Non-contextualized vulnerability data is overwhelming. According to Risk Based Security, a Flashpoint company, there are over 289,000 known vulnerabilities with the public source being unaware of over 93,000 of them, as of this publishing. In addition, tens of thousands of vulnerabilities are newly disclosed each year. As such, there are too many vulnerabilities for organizations to monitor and track in-house. Despite this, organizations still often try to aggregate and triage every issue, resulting in wasted resources.
Traditional remediation programs don’t consider the inherent volatility in the vulnerability disclosure landscape, and they often neglect key factors such as exploitability. A quality VMP addresses this by first focusing on the issues that affect the organization’s critical assets, rather than attempting to patch top-down.
This is what Gartner has to say about risk-based vulnerability management:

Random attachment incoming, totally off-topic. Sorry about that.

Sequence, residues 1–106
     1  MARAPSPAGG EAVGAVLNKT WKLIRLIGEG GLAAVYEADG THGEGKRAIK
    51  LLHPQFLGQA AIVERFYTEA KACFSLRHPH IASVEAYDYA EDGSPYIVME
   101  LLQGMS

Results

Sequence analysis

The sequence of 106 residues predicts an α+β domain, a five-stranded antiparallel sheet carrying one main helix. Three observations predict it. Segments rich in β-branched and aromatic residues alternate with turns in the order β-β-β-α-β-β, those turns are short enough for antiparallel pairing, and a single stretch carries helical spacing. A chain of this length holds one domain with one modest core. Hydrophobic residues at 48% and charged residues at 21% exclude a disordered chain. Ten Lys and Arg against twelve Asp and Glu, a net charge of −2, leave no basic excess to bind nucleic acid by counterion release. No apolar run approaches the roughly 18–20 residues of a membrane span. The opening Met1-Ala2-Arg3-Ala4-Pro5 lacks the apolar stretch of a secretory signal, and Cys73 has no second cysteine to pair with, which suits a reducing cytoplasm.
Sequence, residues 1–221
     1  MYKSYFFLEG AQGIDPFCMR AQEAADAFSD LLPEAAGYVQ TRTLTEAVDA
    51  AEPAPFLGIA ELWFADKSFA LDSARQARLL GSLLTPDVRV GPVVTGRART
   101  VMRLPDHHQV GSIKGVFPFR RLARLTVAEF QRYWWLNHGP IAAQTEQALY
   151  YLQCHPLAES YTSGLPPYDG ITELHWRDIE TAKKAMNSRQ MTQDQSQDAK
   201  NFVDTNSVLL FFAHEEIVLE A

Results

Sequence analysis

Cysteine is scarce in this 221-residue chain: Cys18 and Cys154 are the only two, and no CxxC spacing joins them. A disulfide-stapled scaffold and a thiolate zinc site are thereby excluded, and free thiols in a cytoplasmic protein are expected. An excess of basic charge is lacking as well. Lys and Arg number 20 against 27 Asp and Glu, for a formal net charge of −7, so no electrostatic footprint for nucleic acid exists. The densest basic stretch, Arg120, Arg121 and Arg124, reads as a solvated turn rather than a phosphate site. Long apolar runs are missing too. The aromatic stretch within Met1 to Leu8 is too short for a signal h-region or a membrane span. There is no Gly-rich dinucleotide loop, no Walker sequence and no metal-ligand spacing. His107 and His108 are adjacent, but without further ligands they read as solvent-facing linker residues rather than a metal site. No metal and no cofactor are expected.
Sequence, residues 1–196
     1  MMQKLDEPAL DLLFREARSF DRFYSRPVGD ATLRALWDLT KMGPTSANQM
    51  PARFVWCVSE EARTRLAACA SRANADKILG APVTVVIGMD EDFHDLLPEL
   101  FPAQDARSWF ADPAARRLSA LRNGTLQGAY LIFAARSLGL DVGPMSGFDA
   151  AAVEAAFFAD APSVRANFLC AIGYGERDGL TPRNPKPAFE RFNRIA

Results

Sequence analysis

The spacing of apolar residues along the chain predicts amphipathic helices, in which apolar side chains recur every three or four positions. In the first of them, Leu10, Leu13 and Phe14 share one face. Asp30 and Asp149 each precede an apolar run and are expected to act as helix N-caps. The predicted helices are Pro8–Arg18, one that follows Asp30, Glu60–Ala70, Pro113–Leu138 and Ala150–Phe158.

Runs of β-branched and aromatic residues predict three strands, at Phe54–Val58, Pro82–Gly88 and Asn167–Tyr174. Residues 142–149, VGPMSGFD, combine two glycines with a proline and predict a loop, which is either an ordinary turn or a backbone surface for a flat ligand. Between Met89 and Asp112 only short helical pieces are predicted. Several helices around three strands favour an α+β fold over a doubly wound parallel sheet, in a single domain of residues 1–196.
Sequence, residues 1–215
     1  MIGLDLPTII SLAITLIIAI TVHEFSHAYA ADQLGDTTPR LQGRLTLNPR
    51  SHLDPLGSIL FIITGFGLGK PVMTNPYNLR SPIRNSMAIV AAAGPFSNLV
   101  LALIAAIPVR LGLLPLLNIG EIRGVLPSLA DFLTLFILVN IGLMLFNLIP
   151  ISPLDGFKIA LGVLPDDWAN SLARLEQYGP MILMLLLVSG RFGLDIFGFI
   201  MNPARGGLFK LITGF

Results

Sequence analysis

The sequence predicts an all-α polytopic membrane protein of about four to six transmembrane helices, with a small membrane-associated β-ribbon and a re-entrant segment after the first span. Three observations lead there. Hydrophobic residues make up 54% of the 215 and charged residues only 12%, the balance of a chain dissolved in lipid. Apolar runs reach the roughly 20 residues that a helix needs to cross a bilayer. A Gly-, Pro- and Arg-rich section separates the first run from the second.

“Don’t try to patch everything; focus on vulnerabilities that are actually exploitable. Go beyond a bulk assessment of threats and use threat intelligence, attacker activity and internal asset criticality to provide a better view of real organizational risk.”Gartner
Understanding the vulnerability management lifecycle
A risk-based approach enables organizations to more accurately assess the level of risk a vulnerability poses. To accomplish this, the vulnerability management lifecycle involves the following stages:
Surface your assets and reveal the vulnerabilities affecting them